Boris Johnson and his officials “broke lockdown laws” over parties held in Downing Street, Conservative former Prime Minister Sir John Major has said, according to the BBC.
He accused the government of feeling it “need not obey the rules”, adding: “Outright lies breed contempt.”
Sir John’s comments come while 12 gatherings are still being investigated by the Metropolitan Police.
He also said the UK’s reputation was “being shredded”, but Mr Johnson called this “demonstrably untrue”.
The prime minister, speaking on a visit to Poland, declined to comment further on Sir John’s criticisms, adding: “I’m going to have plenty to say about all that in due course.”
He said he wanted to concentrate on diplomacy, after talks on the Ukraine crisis with his Polish counterpart Mateusz Morawiecki.
Downing Street also declined to address the details of Sir John’s remarks, with a spokesman saying: “People are free to give their opinions.”
The Met is reviewing its previous decision not to investigate a Christmas quiz in No 10 in 2020, after the Mirror published a photograph of Mr Johnson with three aides – wearing tinsel and a Santa hat – near a bottle of sparkling wine.
It also announced on Wednesday that it was emailing more than 50 people as part of its existing inquiry into lockdown parties.
Mr Johnson – who is known to have attended three gatherings – and wife Carrie are among those expected to be contacted. But Downing Street said the prime minister had so far not been approached and it would not discuss other individuals.
The Met said people emailed would not necessarily have to pay a fine, adding that this would “normally” happen where officers believed regulations had been breached without reasonable excuse.
But, in a speech to the Institute for Government think tank, Sir John said: “At No 10, the prime minister and officials broke lockdown laws.
“Brazen excuses were dreamed up. Day after day the public was asked to believe the unbelievable. Ministers were sent out to defend the indefensible – making themselves look gullible or foolish.”
Sir John, in office from 1990 to 1997, added: “The prime minister and our present government not only challenge the law, but also seem to believe that they, and they alone, need not obey the rules, traditions, conventions – call them what you will – of public life.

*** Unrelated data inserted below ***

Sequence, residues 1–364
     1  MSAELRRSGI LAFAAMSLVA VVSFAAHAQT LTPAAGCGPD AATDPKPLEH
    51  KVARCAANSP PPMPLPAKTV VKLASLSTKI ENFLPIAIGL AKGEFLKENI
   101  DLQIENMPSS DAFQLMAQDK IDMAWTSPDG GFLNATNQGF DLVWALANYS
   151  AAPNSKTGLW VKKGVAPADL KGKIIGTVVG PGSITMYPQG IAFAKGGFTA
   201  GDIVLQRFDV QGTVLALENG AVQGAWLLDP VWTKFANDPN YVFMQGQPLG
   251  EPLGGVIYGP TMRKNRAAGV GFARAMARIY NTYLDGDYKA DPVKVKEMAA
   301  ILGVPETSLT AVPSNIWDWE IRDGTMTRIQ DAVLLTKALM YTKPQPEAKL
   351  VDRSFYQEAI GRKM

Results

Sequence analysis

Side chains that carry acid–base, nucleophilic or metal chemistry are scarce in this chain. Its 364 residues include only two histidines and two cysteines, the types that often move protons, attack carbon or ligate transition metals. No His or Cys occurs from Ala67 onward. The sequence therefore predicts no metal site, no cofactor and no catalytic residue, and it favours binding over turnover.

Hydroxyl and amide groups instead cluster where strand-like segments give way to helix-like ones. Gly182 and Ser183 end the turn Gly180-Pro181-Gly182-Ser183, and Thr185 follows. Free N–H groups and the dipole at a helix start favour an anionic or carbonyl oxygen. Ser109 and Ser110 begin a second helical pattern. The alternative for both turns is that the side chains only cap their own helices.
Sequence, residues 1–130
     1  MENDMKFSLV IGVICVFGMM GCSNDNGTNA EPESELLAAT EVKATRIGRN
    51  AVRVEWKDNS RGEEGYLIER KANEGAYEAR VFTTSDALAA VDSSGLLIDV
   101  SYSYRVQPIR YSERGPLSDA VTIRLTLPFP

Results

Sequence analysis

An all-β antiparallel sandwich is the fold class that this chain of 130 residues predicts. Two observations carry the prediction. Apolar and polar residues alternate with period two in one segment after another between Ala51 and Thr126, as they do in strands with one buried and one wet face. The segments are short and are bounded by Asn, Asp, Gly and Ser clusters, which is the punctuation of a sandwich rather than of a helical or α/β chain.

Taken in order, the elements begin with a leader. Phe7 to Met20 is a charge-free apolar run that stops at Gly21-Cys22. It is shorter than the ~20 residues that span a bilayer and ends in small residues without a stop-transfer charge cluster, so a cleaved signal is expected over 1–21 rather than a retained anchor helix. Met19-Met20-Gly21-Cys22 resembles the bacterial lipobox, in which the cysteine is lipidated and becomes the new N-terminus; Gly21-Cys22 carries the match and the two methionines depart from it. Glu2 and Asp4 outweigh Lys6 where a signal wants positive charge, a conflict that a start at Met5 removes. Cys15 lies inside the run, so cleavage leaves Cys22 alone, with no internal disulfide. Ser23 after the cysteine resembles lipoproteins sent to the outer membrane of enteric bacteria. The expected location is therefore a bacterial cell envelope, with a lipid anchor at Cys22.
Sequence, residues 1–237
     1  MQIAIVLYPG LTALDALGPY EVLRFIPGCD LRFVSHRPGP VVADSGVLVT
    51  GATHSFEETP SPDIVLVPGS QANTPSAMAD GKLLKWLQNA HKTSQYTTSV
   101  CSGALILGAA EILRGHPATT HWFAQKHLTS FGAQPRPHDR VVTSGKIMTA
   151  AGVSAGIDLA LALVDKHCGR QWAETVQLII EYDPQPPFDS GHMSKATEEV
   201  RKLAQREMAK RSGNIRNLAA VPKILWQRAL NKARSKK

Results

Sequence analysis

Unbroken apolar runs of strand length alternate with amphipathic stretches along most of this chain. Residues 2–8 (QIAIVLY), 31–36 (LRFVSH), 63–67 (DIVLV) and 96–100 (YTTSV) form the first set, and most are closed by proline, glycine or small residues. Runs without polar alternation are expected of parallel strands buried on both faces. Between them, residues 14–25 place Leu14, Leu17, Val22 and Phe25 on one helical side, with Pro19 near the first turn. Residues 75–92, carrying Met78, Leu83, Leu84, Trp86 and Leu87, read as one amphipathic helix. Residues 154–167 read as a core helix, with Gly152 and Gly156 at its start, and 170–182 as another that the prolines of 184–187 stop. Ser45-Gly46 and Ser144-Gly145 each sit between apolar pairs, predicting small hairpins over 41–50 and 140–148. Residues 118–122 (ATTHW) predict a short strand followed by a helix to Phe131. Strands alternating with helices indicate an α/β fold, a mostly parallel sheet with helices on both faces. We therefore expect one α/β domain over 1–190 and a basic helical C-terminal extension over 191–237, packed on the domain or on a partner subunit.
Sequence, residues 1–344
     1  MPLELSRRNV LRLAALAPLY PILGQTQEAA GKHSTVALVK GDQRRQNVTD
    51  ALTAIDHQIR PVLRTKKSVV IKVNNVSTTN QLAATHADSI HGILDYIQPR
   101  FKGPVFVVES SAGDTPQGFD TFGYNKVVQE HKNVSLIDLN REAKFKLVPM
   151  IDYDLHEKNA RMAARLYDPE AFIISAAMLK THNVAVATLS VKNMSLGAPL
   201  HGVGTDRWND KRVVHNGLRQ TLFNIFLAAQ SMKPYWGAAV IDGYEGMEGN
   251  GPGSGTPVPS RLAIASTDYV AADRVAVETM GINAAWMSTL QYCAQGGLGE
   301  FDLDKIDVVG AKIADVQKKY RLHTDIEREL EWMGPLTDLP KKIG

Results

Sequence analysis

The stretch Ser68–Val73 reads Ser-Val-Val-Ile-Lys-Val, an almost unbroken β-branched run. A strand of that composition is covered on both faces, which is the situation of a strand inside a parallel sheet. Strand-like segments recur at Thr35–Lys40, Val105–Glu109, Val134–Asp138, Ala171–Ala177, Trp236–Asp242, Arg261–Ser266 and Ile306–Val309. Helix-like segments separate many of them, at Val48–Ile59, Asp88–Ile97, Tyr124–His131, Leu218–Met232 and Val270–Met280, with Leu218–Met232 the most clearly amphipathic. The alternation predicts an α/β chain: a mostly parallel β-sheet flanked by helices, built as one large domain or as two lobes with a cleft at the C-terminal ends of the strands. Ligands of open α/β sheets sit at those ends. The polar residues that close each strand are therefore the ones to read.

“The charge that there is one law for the government, and one for everyone else is politically deadly – and it has struck home.”
Sir John, who has previously criticised Mr Johnson over his handling of Brexit and called the government “politically corrupt” in its treatment of the House of Commons, said: “When ministers respond to legitimate questions with pre-prepared sound bites, or half-truths, or misdirection, or wild exaggeration, then respect for government and politics dies a little more.”
He urged the prime minister to introduce a “fully independent” guardian of ethics in politics and new laws to limit political funding by individuals, companies and trade unions.
“Parliament is an echo chamber,” he said. “Lies can become accepted as fact, which…has consequences for policy and for reputation.
“That is why deliberate lies to Parliament have been fatal to political careers – and must always be so.”
In a question and answer session after the speech, Sir John appeared to soften his claim that the prime minister had broken lockdown laws, saying there seemed “little doubt” they had been breached but that it would not be “prudent” to prejudge the police report.
Sir John also said it was wrong to take democracy for granted, as it had “shrunk a little” globally in recent years, and that the UK’s reputation overseas had “fallen because of our conduct”.
Labour, the Liberal Democrats, the SNP and some Conservative MPs have called for Mr Johnson to resign over the Downing Street gatherings.
If 54 Tory MPs write letters declaring no confidence in the prime minister, this will prompt a vote by all Tory MPs, which would see Mr Johnson ousted, should he lose.
Liberal Democrat leader Sir Ed Davey said Sir John had shown “bravery”, adding: “This damning criticism should act as a wake-up call to every Conservative MP who is sitting on their hands while Boris Johnson trashes the values that underpin our democracy.”
The Met investigation began after Sue Gray, the senior civil servant looking into the gatherings, passed on her findings.
Her interim report criticised “failures of leadership and judgement” within government, while her full findings are expected to come out after the Met concludes its investigation.
Mr Johnson said; “That [Met investigation] process must be completed and I’m looking forward to it being completed, and that’s the time to say something on that.”